Deirdre Chapman as Carabosse Photo: Johan Person/Royal Ballet © Source: Dansomanie

Deirdre Chapman as Carabosse Photo: Johan Person/Royal Ballet © Source: Dansomanie

Although we hardly ever see mime in modern pieces, classic works that have been preserved or reconstructed by ballet companies such as ABT, the Royal Ballet and the Royal Danish Ballet (the latter boasting a pure mime tradition that goes back to the Bournonville schooling) tend to contain substantial mime sequences. As we just wrote a post on going to the ballet for the first time we thought the mime basics would also help prepare you for the performance ahead. Chances are you will come across lengthy declamatory, narrative or conversational mime passages if you are going to see a 19th century ballet classic and if you know the basics you won’t be left scratching your head:

Most commonly seen mime gestures:

  • Dance

Hands circle one another above the head, the arms moving from first to third position.

Ex: in The Sleeping Beauty, just before Aurora’s solo, when King Florestan asks his daughter “will you dance for us?”

  • Forget/Think

Character touches the forehead with the index finger.

Ex1: in The Sleeping Beauty, when the evil fairy Carabosse asks the King and the Queen “did you forget to invite me?”

Ex2: in Giselle, before Hilarion calls Albrechts bluff he asks a bewildered Giselledo you really think he loves you?”

  • Die

Crosses arms in front of body in a low position.

Ex: when Giselle‘s mom (Berthe) says to the villagers “the Wilis will make wandering men dance till they die.”

  • Beautiful

Character makes a circle around the face with the palm of the hand.

Ex: in The Sleeping Beauty, before showing Prince Florimund (or Desiré) a vision of Aurora, the Lilac Fairy asks him “do you want to see something beautiful?”

  • Promise

Point two fingers, held together (like a peace sign) upwards in the audience’s direction.

Ex: in Swan Lake, when Prince Siegfried promises to Odette that he will marry her and thus break the swan curse.

And also:

  • Why – both arms open outwards towards the other character
  • King/Queen – taps forehead with hand three times
  • Princess – taps forehead with hand two times
  • I/Me – point to own chest
  • You – point to the other person
  • Love – crosses hands over heart
  • Listen/Listening – cups hand over ear leaning towards the sound or taps the face close to the ears
  • Anger/Angry – bend elbows with fists pointed towards the sky, shaking them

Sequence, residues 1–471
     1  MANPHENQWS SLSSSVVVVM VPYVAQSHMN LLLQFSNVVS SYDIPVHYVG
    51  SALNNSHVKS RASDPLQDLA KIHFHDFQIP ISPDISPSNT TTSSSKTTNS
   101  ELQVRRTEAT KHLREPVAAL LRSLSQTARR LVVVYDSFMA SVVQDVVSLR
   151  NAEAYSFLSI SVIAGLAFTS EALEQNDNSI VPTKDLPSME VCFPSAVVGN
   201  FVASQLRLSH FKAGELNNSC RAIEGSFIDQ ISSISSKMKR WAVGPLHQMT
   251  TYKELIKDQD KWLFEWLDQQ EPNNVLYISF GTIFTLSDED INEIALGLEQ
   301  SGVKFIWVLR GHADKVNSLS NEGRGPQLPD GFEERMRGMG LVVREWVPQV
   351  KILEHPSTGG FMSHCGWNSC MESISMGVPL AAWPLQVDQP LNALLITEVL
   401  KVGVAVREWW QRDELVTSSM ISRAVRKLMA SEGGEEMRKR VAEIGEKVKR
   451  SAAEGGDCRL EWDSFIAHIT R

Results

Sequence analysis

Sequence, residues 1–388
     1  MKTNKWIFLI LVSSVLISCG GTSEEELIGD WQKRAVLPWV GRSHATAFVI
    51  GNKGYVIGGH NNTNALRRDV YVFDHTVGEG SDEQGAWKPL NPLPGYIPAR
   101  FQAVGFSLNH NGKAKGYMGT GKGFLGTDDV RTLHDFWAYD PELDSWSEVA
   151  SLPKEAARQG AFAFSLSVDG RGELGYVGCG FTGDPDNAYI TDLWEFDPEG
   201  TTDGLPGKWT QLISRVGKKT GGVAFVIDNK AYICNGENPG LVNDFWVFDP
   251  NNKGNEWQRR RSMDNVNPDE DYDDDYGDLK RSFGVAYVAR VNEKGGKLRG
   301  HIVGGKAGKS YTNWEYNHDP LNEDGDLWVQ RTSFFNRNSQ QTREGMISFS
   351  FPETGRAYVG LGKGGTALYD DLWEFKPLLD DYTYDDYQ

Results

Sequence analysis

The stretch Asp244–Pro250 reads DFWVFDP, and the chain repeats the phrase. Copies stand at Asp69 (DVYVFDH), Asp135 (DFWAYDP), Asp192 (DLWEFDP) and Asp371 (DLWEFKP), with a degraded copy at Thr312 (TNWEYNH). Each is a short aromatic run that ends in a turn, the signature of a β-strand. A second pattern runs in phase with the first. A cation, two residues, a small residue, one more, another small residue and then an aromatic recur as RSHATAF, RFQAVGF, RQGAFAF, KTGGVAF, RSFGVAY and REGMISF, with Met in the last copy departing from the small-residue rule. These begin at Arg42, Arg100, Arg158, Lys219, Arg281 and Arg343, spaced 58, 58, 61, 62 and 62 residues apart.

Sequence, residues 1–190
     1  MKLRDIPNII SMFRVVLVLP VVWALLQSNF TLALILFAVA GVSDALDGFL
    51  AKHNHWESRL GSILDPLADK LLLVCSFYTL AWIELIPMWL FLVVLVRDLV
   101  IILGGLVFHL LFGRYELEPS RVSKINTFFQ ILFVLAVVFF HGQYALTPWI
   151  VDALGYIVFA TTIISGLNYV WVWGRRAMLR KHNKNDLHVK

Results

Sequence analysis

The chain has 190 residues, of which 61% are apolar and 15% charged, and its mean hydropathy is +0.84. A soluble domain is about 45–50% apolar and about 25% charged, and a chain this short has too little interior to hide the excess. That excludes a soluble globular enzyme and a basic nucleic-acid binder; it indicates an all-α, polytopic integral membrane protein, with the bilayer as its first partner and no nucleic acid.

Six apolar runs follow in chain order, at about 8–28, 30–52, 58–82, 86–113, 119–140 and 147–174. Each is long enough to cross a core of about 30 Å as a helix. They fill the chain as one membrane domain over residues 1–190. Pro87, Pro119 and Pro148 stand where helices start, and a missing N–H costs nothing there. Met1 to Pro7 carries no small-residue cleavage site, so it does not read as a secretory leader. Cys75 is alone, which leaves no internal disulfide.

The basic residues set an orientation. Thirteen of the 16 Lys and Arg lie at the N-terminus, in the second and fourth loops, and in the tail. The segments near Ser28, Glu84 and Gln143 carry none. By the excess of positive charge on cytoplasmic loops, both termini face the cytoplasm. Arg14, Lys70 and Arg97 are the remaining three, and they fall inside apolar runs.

• Stop – Palm out
  • Engaged or Married – Point to the ring finger

A brief mime dictionary can be downloaded from the Pennsylvania Ballet website from this link

See balletic mime in action:

  • Giselle: Berthe narrates the legend of the Wilis

Move forward to 2:30 to see the full mime sequence where Berthe (Genesia Rosato) tries to warn Giselle (Alina Cojocaru) about the dangers of  too much dancing. She will tell all villagers of the presence of Wilis in the forest who come out late at night to prey on wandering men. Note the miming of: cemetery/burial grounds (the crosses), wilis (the wings, the hand on her chin) dance and die.

  • The Sleeping Beauty: Carabosse and the Lilac Fairy

In the prologue of the Royal Ballet’s current production of  The Sleeping Beauty you can see the complete sequence where Carabosse crashes Aurora’s christening and curses her, miming the gestures: forgot, listen, say, grow up, beautiful, die. The Lilac Fairy interrupts (“now you listen to what I have to say“) miming that if Aurora pricks her finger she will sleep until awakened by a kiss from a faraway land Prince.

  • Swan Lake: Odette and Siegfried
  • Move to 1:40 to see the full mime sequence in this video of Kevin McKenzie’s Swan Lake production for ABT. The promise sign is mimed twice, first by Odette (Gillian Murphy) when she is telling her story to Prince Siegfried (Ángel Corella) and then by the Prince. Odette also uses mime to explain she is the Queen of the swans.

    • La Sylphide: Madge, Effie & her friends

    Royal Ballet’s Johan Kobborg characterised as Madge tells James’s fiance Effie and her friends their fortunes in this Bolshoi staging of La Sylphide (Move forward to 0:35). Notice how Madge predicts that Effie shall marry Gurn instead of James.

    See Mime Rehearsals:

    Sources and Further information:

    1. The NYCB website contains useful learning materials for the same Nutcracker mime sequence shown above [link]
    2. Pennsylvania Ballet [link]
    3. Ballet 101: A Complete Guide to Learning and Loving the Ballet by Robert Greskovic. [link]
    4. Ballet Mime for Little Ones via Neo Blog [link]